“I would encourage the people to read this [crisis] in the spirit of St. Francis of Assisi, when the Lord gave him that mission: ‘Francis, rebuild my Church,’” Msgr. Quang said. “Today, each and every one of us has that same invitation from our Lord… And we can do it by reaching out to the person closest to us.”

Vulnerable conversations

Responding to the questions, comments and accusations from peers or family members about the situation is yet another challenge for Catholics. However, Father Morehead sees it as an opportunity to be vulnerable and honest and proclaim a deep love for Christ.

“I think this is a beautiful moment for everyone in the Church to be close to Jesus on the cross in humility. It means being honest with everyone about what’s going on in the life of the Church and honest about our emotions as that affects us,” he said. “I think that that sort of vulnerability will actually be attractive at the end of the day. But also, as we are vulnerable, we have to speak of our vulnerable love for Jesus Christ, as the heart and center of our life.”

According to Father O’Neill, it is also an opportunity for Catholics to condemn what is evil and to reaffirm their belief in the Catholic Church as the Church established by Christ and the apostolic succession blessed by the Holy Spirit.

A helpful tip when these conversations become intense is to keep calm and help the other person acknowledge their feelings, Father O’Neill added, which helps prevent loud arguments.

I would encourage the people to read this [crisis] in the spirit of St. Francis of Assisi, when the Lord gave him that mission: ‘Francis, rebuild my Church.’ Today, each and every one of us has that same invitation from our Lord… And we can do it by reaching out to the person closest to us.”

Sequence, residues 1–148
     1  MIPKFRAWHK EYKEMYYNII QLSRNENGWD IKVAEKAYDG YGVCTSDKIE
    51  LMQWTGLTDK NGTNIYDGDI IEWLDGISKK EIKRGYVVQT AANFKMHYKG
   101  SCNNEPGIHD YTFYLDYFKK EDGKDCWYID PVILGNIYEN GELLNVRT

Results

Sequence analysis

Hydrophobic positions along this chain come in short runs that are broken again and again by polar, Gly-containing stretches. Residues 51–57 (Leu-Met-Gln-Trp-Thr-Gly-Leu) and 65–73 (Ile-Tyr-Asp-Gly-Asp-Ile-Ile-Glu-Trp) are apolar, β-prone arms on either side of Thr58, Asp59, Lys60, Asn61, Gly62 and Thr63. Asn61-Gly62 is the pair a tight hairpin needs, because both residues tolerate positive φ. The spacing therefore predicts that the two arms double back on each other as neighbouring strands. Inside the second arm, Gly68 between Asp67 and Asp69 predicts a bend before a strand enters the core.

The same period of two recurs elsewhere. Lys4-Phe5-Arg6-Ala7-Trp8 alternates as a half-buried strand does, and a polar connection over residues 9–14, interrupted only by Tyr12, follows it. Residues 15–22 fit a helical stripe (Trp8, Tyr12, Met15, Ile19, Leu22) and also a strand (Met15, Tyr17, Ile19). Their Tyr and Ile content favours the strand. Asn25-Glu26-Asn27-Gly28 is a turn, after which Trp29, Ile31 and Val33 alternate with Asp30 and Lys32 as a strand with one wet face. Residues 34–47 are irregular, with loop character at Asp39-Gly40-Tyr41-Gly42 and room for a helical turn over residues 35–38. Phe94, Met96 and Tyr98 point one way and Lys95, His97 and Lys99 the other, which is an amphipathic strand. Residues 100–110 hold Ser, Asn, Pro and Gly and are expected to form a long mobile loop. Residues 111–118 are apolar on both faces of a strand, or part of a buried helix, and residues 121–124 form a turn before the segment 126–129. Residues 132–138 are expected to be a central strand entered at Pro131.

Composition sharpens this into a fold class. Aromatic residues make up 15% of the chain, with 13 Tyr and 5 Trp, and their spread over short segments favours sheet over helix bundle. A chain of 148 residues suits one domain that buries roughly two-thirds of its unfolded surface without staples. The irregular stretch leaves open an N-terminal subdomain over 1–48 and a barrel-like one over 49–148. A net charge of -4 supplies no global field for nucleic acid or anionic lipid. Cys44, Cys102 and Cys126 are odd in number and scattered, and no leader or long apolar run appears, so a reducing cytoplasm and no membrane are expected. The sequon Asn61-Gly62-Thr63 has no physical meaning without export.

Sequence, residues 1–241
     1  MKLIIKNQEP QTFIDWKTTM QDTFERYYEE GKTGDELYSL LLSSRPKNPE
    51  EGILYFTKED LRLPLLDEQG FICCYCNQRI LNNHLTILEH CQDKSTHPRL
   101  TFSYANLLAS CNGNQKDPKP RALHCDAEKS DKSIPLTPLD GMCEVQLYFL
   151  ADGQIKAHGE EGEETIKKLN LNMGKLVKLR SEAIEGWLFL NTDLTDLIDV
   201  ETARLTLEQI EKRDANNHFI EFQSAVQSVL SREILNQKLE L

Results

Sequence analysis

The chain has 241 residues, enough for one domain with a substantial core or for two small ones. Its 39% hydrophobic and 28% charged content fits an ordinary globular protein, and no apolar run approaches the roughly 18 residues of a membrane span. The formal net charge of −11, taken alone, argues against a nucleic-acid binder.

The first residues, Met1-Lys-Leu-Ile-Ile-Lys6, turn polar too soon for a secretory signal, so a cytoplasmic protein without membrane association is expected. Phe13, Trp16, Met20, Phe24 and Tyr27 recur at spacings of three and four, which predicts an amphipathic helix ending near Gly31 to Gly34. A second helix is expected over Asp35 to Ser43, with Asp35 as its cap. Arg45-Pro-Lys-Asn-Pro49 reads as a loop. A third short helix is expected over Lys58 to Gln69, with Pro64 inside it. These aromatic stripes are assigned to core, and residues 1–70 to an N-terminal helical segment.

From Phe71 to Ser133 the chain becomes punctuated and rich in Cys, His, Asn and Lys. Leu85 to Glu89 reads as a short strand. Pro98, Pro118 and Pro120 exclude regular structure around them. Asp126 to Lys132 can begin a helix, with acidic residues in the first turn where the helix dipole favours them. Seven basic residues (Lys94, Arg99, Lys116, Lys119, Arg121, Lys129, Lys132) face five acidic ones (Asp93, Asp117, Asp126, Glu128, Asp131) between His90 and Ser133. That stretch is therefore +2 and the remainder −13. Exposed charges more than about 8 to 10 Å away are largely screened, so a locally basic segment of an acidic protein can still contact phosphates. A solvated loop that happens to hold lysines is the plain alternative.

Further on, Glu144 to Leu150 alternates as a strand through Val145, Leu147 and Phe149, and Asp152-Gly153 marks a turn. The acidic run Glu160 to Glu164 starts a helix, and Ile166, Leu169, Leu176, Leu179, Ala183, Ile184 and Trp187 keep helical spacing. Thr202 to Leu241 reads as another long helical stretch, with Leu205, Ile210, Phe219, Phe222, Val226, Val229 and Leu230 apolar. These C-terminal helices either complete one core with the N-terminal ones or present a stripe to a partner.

To be witnesses to that love of Christ, however, the faithful must seek to forgive even those shepherds who have failed, as Msgr. Quang pointed out.

“We must strive to forgive even those who failed to serve the people, otherwise the feelings of anger and betrayal can lead us to react rather than interact,” he said.

Call to action

Bishops and priests are calling for Christians to do acts of reparation for the sins committed by clergy — acts that are of great significance.

“Christ is pure and holy and perfect, but his Church has been affected and is still affected by the ramifications of the sins of her members,” Father Morehead said.

Christians are thus called to make acts of reparation.

“What is happening in reparation is that we’re actually participating in the reparation of Jesus Christ on the cross,” Father O’Neill explained. “What I can do is that I can receive that act of reparation that Jesus does on the cross and I can add to it as St. Paul says, ‘I complete what is lacking in Christ’s afflictions for the sake of his body, that is, the Church’ (Col 1:24).

“So, it’s not that I’m making things right on my own. I can do a small sacrifice to deny myself and unite myself to Jesus on the Cross, a little sacrifice in order to participate in his reparation with the Father, that his blood may repair the sins of the world.”

Another aspect of the reparation is that uniting oneself to the suffering of Christ becomes transformative.

“Penance helps us to experience the pain and suffering of Christ on the cross, who can lift us up from this stressful situation, with his love and his words on the cross: ‘Father, forgive them, for they know not what they are doing’” (Lk 23:34).

Ultimately, Father Morehead said we need to remember why we’re Catholics and more importantly, who it is we follow.

“[We] are not Catholics for any member of the clergy. We are not Catholic just because of some Church teaching or practice that we like,” Father Morehead concluded. “We are Catholic and Catholic alone because of Jesus Christ and what he did to found this Church 2,000 years ago, and furthermore, how he has promised to remain and work in this Church throughout the ages, even and especially in her trials.

“We are Catholic because of him and his promises, and that is the witness with joy that I encourage our faithful to offer at this time.”

COMING UP: Colorado Catholic Conference 2021 Legislative Recap